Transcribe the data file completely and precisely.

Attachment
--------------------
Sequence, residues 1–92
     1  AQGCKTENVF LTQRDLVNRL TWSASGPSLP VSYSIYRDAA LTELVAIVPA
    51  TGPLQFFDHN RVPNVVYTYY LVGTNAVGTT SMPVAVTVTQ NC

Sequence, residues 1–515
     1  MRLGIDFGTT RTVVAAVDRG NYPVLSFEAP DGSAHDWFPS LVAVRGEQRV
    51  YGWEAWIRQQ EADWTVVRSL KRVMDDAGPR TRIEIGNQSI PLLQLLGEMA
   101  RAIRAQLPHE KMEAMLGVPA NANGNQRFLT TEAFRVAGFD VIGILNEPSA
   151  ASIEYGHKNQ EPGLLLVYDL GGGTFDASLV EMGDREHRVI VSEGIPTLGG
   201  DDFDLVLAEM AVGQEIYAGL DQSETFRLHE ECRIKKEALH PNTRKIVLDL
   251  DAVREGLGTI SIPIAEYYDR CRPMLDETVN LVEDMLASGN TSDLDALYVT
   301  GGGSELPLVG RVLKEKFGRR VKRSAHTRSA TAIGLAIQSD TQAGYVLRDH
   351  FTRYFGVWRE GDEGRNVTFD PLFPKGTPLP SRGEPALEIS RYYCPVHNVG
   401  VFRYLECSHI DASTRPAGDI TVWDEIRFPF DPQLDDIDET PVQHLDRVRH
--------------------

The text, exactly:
Sequence, residues 1–92
     1  AQGCKTENVF LTQRDLVNRL TWSASGPSLP VSYSIYRDAA LTELVAIVPA
    51  TGPLQFFDHN RVPNVVYTYY LVGTNAVGTT SMPVAVTVTQ NC

Sequence, residues 1–515
     1  MRLGIDFGTT RTVVAAVDRG NYPVLSFEAP DGSAHDWFPS LVAVRGEQRV
    51  YGWEAWIRQQ EADWTVVRSL KRVMDDAGPR TRIEIGNQSI PLLQLLGEMA
   101  RAIRAQLPHE KMEAMLGVPA NANGNQRFLT TEAFRVAGFD VIGILNEPSA
   151  ASIEYGHKNQ EPGLLLVYDL GGGTFDASLV EMGDREHRVI VSEGIPTLGG
   201  DDFDLVLAEM AVGQEIYAGL DQSETFRLHE ECRIKKEALH PNTRKIVLDL
   251  DAVREGLGTI SIPIAEYYDR CRPMLDETVN LVEDMLASGN TSDLDALYVT
   301  GGGSELPLVG RVLKEKFGRR VKRSAHTRSA TAIGLAIQSD TQAGYVLRDH
   351  FTRYFGVWRE GDEGRNVTFD PLFPKGTPLP SRGEPALEIS RYYCPVHNVG
   401  VFRYLECSHI DASTRPAGDI TVWDEIRFPF DPQLDDIDET PVQHLDRVRH